Find Information About:

Drugs & Supplements

Get information and reviews on prescription drugs, over-the-counter medications, vitamins, and supplements. Search by name or medical condition.

Pill Identifier

Pill Identifier

Having trouble identifying your pills?

Enter the shape, color, or imprint of your prescription or OTC drug. Our pill identification tool will display pictures that you can compare to your pill.

Get Started

My Medicine

Save your medicine, check interactions, sign up for FDA alerts, create family profiles and more.

Get Started

WebMD Health Experts and Community

Talk to health experts and other people like you in WebMD's Communities. It's a safe forum where you can create or participate in support groups and discussions about health topics that interest you.

  • Second Opinion

    Second Opinion

    Read expert perspectives on popular health topics.

  • Community


    Connect with people like you, and get expert guidance on living a healthy life.

Got a health question? Get answers provided by leading organizations, doctors, and experts.

Get Answers

Sign up to receive WebMD's award-winning content delivered to your inbox.

Sign Up

Incontinence & Overactive Bladder Health Center

Font Size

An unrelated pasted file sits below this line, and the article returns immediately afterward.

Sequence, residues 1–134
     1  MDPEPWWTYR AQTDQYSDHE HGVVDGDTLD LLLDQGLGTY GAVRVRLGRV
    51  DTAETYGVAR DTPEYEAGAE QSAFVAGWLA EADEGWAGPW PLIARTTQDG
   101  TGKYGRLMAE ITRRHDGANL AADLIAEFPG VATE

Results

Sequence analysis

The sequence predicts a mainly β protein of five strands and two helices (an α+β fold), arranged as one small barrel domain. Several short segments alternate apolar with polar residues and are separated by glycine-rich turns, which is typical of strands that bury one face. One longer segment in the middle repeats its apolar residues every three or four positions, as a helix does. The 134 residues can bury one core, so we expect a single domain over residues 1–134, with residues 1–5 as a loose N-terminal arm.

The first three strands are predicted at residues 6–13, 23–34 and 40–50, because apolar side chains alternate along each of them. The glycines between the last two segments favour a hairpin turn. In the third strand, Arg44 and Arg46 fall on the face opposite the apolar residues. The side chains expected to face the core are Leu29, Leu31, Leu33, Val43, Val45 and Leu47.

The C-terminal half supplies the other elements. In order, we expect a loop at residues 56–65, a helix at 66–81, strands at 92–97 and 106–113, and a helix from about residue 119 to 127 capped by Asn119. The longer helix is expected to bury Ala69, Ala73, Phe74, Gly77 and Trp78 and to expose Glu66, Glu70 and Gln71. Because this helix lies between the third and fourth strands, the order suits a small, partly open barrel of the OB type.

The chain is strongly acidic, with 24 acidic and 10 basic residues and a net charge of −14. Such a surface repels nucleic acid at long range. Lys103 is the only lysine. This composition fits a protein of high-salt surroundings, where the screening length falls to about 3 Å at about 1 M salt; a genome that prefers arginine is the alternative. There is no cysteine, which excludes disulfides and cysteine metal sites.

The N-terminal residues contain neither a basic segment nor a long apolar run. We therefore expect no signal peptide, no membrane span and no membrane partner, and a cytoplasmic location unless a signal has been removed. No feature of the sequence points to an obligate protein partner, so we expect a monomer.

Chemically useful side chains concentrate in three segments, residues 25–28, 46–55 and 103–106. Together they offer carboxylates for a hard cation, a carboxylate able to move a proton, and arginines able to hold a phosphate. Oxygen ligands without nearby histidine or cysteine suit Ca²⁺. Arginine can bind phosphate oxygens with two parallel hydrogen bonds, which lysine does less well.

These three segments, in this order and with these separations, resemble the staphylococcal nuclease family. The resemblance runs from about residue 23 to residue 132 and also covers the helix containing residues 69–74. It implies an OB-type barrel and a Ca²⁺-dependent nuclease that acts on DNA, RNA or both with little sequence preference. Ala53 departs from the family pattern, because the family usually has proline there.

New Overactive Bladder Drug Approved

Enablex Gets FDA Nod to Help Reduce Incontinence
WebMD Health News

Dec. 22, 2004 -- The FDA today approved Enablex for the treatment of overactive bladder, according to the drug's manufacturer.

Novartis Pharmaceuticals, the East Hanover, N.J., affiliate of Swiss drug giant Novartis AG, says the drug should hit the U.S. market in early 2005.

The drug is approved for the treatment of overactive bladder with symptoms of urinary urge incontinence. Urge incontinence is a sudden, uncontrollable urge to urinate. In clinical trials, the drug decreased weekly urinary incontinence episodes by up to 83%. The results were seen within two weeks.

Enablex works by blocking a chemical messenger that makes the bladder muscle contract.

In clinical trials, the most common side effects of Enablex were dry mouth and constipation. Most side effects were mild or moderate and happened during the first two weeks of treatment. Most patients who had these side effects did not have to discontinue treatment.

Some people should not take Enablex: those with urinary retention, gastric retention, or uncontrolled narrow-angle glaucoma. People at risk of these conditions should also avoid the drug.

According to a Novartis news release, some 33 million Americans suffer from overactive bladder.

"Millions of patients and their families can be profoundly affected by overactive bladder," Nancy Muller, executive director of the National Association for Continence, says in the news release. "It is important that we continue to advance technology to bring new options to people with overactive bladder to help them manage this condition."

Today on WebMD

Incontinence Women Slideshow
leaking faucet
Public restroom door sign
nachos and beer
woman holding water
Food That Makes You Gotta Go
Male Incontinence Slideshow
Mature woman standing among peers
Worried in bed
woman standing in front of restroom sign
various pills
sitting in chair